Under Two Flags eBook

This eBook from the Gutenberg Project consists of approximately 880 pages of information about Under Two Flags.

“In course they are, sir; they wouldn’t be such larky company unless they was.  But what I say is that they’re scamps who’re told they may be great men, if they like; not scamps who’re told that, because they’ve once gone to the devil, they must always keep there.  It makes all the difference in life.”

“Yes—­it makes all the difference in life, whether hope is left, or—­left out!”

The words were murmured with a half smile that had a dash of infinite sadness in it; the other looked at him quickly with a shadow of keen pain passing over the bright, frank, laughing features of his sunburned face; he knew that the brief words held the whole history of a life.

“Won’t there never be no hope, sir?” he whispered, while his voice trembled a little under the long, fierce sweep of his yellow mustaches.

The Chasseur rallied himself with a slight, careless laugh; the laugh with which he had met before now the onslaught of charges ferocious as those of the magnificent day of Mazagran.

“Whom for?  Both of us?  Oh, yes; very likely we shall achieve fame and die!  A splendid destiny.”

“No, sir,” said the other, with the hesitation still in the quiver of his voice.  “You know I meant, no hope of your ever being again——­”

He stopped, he scarcely knew how to phrase the thoughts he was thinking.

The other moved with a certain impatience.

“How often must I tell you to forget that I was ever anything except a soldier of France?—­forget as I have forgotten it!”

The audacious, irrepressible “Crache-au-nez-d’la-Mort,” whom nothing could daunt and nothing could awe, looked penitent and ashamed as a chidden spaniel.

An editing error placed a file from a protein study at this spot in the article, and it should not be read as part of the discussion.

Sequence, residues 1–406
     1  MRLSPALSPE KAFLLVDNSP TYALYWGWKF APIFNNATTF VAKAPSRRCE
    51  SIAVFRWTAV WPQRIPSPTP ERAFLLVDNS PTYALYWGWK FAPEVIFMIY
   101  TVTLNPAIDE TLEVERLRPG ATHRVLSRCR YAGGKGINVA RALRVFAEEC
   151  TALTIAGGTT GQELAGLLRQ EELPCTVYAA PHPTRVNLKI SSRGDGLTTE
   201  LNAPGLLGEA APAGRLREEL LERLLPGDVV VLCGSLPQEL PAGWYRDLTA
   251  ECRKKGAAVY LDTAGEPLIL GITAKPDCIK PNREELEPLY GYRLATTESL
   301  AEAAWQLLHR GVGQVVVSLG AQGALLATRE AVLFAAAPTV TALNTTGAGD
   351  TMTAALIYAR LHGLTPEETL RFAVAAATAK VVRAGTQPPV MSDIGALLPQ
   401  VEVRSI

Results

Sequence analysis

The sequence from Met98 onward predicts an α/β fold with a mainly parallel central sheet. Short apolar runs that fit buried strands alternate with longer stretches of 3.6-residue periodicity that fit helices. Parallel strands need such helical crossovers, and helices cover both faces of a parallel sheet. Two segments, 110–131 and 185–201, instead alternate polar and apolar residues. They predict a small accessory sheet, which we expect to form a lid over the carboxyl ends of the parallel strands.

“I know, sir.  I have tried, many a year; but I thought, perhaps, as how his lordship’s death—­”

“No life and no death can make any difference to me, except the death that some day an Arbico’s lunge will give me; and that is a long time coming.”

“Ah, for God’s sake, Mr. Cecil, don’t talk like this!”

The Chasseur gave a short, sharp shiver, and started at this name, as if a bullet had struck him.

“Never say that again!”

Rake, Algerian-christened “Crache-au-nez-d’la-Mort,” stammered a contrite apology.

“I never have done, sir—­not for never a year; but it wrung it out of me like—­you talking of wanting death in that way——­”

“Oh, I don’t want death!” laughed the other, with a low, indifferent laughter, that had in it a singular tone of sadness all the while.  “I am of our friends the Spahis’ opinion—­that life is very pleasant with a handsome, well-chosen harem, and a good horse to one’s saddle.  Unhappily harems are too expensive for Roumis!  Yet I am not sure that I am not better amused in the Chasseurs than I was in the Household—­specially when we are at war.  I suppose we must be wild animals at the core, or we should never find such an infinite zest in the death grapple.  Good-night!”

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Under Two Flags from Project Gutenberg. Public domain.
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